Using a contractor experienced in historical restoration often brings exceptional value to an Adaptive Reuse project. On one former Catholic seminary that MATT adapted, originally constructed of stone and unreinforced masonry, required significant restoration and seismic improvement before it could open as a private school. A challenging example was the seismic reinforcement of four entry pillars, each 35 ft high and 4 ft square, constructed solely of hundreds of intricately stacked, unmortared stones. The historic requirement was to disassemble each pillar, labeling, documenting and photographing each stone to memorialize its position; install a reinforced steel concrete column; then reassemble the pillars exactly as before, shaving the innermost rocks to accommodate the inserted column. MATT Construction knew that dry center coring, the same process we employed at the Natural History Museum, could achieve the same result at lower cost and less risk to the pillars. By drilling out a 16” diameter circular vertical core in each intact rock pillar, and using a proprietary grout to anchor a reinforced steel cage firmly inside the column from base to stabilizing top plate, MATT saved the client an estimated $1 million just on these four entry columns.
Cost saving measures are even more important in AR projects that don’t involve historic buildings, since these are typically ineligible for many of the financial incentives that make historical restorations economically worthwhile. Here, careful analysis must be undertaken to ensure that repurposing an existing structure is an affordable and practical alternative to building something entirely new.
A case in point is the fast-track transformation of an attractively large warehouse into a state-of-the-art animation studio with workspaces, screening facilities, editing bays and recording booths, conference rooms, and amenities. Lever Architects and MATT Construction used careful design and construction to carve out several distinct compartments within the open space while providing sufficient seismic strength, infrastructure capable of supporting current and future graphic-intensive computer systems, and inconspicuous cabling, ducts and conduits despite existing concrete “waffle” ceilings. The team poured a lightweight concrete layer above the existing “waffle” ceiling, carefully measured to provide required conduit penetrations only where needed.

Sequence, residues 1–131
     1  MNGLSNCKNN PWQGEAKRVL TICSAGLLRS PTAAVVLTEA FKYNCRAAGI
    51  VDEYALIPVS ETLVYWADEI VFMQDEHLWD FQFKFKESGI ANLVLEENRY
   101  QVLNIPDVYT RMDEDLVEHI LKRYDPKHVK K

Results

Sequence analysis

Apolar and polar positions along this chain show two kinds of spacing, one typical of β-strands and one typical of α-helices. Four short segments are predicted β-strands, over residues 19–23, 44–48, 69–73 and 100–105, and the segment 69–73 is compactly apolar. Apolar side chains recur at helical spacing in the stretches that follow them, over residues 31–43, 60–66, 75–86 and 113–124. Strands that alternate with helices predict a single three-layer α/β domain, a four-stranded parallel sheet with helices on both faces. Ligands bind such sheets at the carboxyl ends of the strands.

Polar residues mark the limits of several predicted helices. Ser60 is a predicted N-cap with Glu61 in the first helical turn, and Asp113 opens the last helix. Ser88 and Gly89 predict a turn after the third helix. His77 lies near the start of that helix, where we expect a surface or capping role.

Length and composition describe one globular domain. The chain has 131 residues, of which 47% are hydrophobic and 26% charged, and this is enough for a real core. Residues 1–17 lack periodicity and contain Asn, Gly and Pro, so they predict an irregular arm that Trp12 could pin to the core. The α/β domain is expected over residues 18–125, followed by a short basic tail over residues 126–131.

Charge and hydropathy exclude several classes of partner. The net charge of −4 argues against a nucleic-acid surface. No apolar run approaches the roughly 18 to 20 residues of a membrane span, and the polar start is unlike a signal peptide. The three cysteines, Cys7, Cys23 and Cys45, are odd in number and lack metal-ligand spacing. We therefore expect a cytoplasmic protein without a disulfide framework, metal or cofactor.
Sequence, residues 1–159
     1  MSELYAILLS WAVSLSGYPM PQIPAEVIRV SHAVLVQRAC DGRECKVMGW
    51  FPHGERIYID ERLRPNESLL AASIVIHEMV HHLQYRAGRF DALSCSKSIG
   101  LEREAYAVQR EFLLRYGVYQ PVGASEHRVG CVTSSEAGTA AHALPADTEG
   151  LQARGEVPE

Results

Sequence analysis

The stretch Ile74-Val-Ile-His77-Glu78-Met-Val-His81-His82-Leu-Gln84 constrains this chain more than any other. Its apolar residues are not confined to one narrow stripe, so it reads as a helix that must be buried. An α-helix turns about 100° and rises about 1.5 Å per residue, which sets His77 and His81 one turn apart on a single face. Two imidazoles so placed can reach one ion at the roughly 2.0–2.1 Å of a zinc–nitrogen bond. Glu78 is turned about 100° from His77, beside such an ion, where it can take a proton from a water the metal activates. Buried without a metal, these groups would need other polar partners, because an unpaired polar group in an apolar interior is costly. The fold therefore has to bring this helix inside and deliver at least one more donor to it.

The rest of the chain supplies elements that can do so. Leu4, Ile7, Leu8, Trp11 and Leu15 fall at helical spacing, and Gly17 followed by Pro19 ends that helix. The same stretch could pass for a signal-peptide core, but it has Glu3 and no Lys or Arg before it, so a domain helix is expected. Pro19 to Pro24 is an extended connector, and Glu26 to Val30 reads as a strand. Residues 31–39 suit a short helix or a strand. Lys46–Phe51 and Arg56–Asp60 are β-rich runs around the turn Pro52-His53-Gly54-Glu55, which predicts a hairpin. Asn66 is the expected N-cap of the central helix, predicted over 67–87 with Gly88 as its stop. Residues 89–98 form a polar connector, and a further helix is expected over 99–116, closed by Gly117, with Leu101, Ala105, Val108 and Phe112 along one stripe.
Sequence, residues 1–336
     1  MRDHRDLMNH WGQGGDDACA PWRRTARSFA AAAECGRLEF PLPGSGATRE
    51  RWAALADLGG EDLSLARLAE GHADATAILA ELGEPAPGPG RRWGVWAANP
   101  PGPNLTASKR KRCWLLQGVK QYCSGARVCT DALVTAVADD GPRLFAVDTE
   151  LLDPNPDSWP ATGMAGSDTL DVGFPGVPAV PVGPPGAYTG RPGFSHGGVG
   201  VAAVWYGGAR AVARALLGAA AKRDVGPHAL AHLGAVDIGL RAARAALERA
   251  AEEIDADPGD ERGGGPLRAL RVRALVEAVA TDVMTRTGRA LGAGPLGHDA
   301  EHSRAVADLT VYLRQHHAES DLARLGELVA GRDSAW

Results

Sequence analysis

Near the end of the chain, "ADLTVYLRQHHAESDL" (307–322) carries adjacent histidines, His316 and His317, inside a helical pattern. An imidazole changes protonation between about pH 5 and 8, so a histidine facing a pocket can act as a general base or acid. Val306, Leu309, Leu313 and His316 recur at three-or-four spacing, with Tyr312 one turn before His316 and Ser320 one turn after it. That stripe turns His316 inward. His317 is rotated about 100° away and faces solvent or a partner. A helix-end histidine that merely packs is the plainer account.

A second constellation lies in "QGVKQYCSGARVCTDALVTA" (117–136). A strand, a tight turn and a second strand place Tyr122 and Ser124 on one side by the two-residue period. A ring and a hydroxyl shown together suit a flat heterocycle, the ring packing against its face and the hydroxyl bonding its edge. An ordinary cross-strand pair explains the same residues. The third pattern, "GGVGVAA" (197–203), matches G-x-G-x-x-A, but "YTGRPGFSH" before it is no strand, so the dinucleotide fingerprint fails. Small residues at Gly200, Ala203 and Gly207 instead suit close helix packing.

Offset “skylight monitors” provide indirect light without heat gain. To isolate the building from the frequent rush of trains immediately outside the building, interior perimeter walls were installed 6” away from the brick façade and filled with insulation; and the existing concrete slab was sawcut at acoustically sensitive areas. Recording Booths were built as discrete boxes separated by insulating material and air gaps, and with no conduit allowed to touch both walls. With additional acoustic measures—including heavy Krieger doors and oversized mechanical ducts to maintain a low-velocity air flow—these rooms, within this huge, old warehouse, achieved a Noise Control (NC) design goal rating of 20. The studio has received many awards, including AIA | Portland’s Honor Award, LABJ’s Commercial Real Estate Awards – Best Tenant Improvement, and WWCA’s Project of the Year Award for Commercial Interiors.
Some final approaches to Adaptive Reuse projects:
- Assess your building’s structural adaptability to meet modern earthquake codes and other physical requirements;
- Detail the extent and nature of the adaptations involved, including technology rich features that necessitate more-capable-than-usual MEP, cooling capacity, climate controls, vibration dampening, acoustical enhancements, etc.;
- Map out the most efficient plan for accomplishing the work;
- Provide realistic, reliable cost estimates;
- Offer new technology options and value engineering suggestions that will ensure you achieve your objectives within budget and schedule;
- Work closely with Historic representatives to ensure preservation of the historic fabric of buildings that are on an historic state or federal register.
For more details about MATT Construction’s Adaptive Reuse projects, visit our project portfolio.